This Valentine’s Day, millions of spouses will be masking their pain as they struggle to celebrate a day dedicated to love. Their husband or wife who has dementia either doesn’t understand what the day is about or, worse yet, doesn’t recognize them for who they are.
In a previous post I wrote about my own pain as I, the family caregiver, helped my parents go through the motions of celebrating special days. They were both in the same nursing home. The situation was such that Dad’s surgically caused dementia prevented him from understanding what was happening as I’d help him present Mom with her card and flowers. Mom was able to reciprocate, however within a few hours she’d have forgotten that the exchange had ever happened.
I’d gamely go through these sad pantomimes, helping my parents celebrate days that had always been important to them. Then, finished with my visit, I’d go home and cry.
My thoughts today are with spouses who have Alzheimer’s at such a stage that they can no longer remember their husband or wife. I’ve had some broken hearted spouses ask me if it’s worth the pain of going through the motions. If it’s worth the pain of buying just the right card for a person who doesn’t understand what the card is, let alone recognize the presenter. My answer to them is yes. It’s worth it.
Celebrating the love that has defined your relationship for years is important. Buying a card, reading the message to your spouse and putting the card in a prominent place in his or her room reminds the world - and most of all you - that this relationship still matters.
You may go home from the nursing home where your spouse lives and cry from the loneliness that resides in your heart. Or, if your spouse is still home, you may continue throughout the day in the vein of celebration even though, realistically, you are celebrating alone. Still, think of the alternative.
If you simply skipped acknowledging the day since your spouse wouldn’t know the difference, how would you feel tomorrow? Next week? After your beloved dies?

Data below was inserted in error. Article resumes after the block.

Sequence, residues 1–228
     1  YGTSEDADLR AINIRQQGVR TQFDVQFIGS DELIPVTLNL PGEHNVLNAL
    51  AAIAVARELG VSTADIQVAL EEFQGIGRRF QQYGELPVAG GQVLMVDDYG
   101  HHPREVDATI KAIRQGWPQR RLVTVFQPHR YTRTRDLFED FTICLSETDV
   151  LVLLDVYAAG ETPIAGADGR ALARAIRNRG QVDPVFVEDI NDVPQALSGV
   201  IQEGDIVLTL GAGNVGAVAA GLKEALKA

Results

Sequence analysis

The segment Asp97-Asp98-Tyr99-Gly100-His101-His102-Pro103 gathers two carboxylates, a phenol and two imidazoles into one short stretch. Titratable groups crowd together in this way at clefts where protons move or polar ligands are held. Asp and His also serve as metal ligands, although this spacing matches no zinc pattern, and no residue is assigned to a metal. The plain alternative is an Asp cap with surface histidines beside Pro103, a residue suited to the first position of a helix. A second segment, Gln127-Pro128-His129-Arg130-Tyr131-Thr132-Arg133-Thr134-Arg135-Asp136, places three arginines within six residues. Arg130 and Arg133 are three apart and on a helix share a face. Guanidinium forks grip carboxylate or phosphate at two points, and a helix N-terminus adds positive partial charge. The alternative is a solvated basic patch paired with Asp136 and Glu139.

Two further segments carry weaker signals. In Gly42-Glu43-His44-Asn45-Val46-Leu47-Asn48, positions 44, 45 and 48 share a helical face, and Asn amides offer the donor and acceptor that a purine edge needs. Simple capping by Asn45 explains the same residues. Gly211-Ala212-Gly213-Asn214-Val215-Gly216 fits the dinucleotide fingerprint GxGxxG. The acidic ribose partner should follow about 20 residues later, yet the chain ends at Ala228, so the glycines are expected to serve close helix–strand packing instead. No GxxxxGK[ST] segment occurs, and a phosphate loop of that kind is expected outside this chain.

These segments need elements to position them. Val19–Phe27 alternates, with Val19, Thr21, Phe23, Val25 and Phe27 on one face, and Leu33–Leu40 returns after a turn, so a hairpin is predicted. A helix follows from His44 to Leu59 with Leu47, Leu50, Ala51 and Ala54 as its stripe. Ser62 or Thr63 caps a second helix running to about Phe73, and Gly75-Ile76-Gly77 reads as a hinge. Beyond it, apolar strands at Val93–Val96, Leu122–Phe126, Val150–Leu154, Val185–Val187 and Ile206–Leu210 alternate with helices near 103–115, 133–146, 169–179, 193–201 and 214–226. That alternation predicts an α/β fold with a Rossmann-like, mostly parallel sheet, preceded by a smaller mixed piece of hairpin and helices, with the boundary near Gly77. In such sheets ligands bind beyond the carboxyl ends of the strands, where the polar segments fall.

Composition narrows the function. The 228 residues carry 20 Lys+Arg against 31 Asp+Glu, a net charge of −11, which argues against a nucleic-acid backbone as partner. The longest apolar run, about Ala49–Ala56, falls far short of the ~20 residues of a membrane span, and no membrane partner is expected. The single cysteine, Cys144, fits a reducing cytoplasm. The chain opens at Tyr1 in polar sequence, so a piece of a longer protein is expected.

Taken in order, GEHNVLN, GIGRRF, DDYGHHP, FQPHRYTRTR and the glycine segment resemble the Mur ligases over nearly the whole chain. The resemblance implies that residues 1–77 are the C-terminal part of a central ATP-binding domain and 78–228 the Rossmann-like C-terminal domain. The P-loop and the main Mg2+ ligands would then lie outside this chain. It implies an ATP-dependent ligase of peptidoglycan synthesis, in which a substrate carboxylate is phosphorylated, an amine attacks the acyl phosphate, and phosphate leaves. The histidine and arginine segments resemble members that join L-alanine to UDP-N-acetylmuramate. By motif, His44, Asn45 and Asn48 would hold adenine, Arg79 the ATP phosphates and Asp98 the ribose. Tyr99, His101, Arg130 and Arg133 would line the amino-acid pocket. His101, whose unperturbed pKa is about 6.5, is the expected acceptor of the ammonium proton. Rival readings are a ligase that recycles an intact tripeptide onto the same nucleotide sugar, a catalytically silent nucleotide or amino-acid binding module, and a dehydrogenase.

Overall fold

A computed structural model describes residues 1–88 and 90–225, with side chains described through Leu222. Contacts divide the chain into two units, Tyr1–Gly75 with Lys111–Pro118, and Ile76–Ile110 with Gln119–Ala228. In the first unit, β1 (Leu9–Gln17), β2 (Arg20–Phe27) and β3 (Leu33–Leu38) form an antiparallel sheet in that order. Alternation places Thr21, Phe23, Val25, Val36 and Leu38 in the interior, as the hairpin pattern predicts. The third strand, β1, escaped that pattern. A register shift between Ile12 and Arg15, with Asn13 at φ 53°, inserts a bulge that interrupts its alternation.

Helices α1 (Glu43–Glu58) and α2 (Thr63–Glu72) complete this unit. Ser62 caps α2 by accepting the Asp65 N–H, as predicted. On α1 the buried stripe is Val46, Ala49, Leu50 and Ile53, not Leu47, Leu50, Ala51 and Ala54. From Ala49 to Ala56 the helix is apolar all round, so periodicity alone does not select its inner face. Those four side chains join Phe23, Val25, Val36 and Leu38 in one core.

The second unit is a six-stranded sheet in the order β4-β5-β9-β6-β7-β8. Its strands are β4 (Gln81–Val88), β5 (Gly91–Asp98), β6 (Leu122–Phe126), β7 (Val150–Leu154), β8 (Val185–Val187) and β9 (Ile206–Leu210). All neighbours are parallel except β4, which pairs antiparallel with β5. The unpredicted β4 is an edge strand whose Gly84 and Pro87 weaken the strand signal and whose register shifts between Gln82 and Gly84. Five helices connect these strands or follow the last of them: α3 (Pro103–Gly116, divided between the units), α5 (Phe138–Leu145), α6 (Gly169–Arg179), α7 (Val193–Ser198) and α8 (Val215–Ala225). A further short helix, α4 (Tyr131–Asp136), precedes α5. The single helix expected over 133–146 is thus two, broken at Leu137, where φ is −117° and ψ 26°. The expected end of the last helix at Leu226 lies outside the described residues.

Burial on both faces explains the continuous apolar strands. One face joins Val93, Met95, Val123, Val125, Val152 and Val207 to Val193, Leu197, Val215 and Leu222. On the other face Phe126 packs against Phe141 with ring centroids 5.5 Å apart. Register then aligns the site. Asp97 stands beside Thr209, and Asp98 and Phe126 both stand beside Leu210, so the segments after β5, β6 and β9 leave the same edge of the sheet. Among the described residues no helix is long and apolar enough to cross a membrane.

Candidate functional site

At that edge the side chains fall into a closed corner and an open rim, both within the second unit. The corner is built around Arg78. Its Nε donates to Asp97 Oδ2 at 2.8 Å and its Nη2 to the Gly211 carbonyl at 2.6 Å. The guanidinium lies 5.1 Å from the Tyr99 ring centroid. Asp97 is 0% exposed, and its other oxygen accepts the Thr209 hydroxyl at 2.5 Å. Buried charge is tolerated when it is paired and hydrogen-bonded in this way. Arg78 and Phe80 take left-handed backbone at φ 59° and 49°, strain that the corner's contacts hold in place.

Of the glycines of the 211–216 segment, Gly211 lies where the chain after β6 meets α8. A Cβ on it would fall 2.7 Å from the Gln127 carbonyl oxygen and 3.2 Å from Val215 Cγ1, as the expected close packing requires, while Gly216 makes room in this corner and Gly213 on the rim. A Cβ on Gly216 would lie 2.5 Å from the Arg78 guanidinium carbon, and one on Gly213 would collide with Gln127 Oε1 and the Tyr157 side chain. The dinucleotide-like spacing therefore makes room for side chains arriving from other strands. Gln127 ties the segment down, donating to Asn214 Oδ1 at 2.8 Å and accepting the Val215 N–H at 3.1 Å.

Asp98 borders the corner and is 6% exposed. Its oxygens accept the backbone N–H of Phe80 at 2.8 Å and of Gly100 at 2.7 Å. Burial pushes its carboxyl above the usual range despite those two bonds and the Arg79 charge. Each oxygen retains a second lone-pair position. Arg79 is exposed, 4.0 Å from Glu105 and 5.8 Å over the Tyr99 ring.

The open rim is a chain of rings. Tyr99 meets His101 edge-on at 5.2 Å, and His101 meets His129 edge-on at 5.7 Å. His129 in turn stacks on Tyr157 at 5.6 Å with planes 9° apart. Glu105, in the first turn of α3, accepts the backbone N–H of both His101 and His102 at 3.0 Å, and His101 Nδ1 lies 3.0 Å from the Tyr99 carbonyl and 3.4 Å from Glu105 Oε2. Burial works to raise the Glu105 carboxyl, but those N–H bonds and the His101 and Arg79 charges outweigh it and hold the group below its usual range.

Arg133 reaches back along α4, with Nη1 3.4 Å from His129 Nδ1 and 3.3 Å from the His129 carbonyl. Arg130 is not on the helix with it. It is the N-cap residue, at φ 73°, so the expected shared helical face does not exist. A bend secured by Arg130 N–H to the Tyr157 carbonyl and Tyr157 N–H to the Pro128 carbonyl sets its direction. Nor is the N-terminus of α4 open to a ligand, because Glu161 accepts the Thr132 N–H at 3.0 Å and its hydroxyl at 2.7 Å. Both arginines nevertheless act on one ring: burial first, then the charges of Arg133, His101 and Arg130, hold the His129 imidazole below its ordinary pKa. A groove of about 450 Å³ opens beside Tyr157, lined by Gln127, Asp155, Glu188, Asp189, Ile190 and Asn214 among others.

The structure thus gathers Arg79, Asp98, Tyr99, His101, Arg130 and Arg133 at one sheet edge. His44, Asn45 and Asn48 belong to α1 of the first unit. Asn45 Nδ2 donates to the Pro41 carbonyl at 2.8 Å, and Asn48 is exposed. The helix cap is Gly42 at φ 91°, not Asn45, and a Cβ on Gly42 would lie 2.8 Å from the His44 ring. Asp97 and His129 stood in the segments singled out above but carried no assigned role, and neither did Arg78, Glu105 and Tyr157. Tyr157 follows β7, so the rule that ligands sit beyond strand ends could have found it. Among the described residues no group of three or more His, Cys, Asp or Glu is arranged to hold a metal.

Yes, it’s agonizing not to have your expression of love acknowledged. But the love is still there. The disease has simply removed your spouse’s ability to communicate that love.
And you never know. Sometimes when you least expect a miracle, one happens. A fleeting moment of clarity could occur when your spouse does know who you are.
Regardless of your spouse’s lack of response, give your beloved a Valentine just as you would if the disease hadn’t robbed him or her of the ability to join you in this celebration. Communicate however you can. Hold your loved one’s hand. Look into those treasured eyes. Smile and say “I love you.”
If, by some miracle, you receive a response it will be a moment you’ll never forget. If you don’t, it’s okay. On some level your spouse knows how you feel and is grateful that you honored this day of love.
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Carol Bradley Bursack is a veteran family caregiver who spent more than two decades caring for a total of seven elders. She is a newspaper columnist and the author of Minding Our Elders: Caregivers Share Their Personal Stories. Bradley Bursack is also a contributor to several books on caregiving and dementia, and is passionate about preserving the dignity of elders. Her website is www.mindingourelders.com. Follow Carol on Twitter @mindingourelder and on Facebook at Minding Our Elders.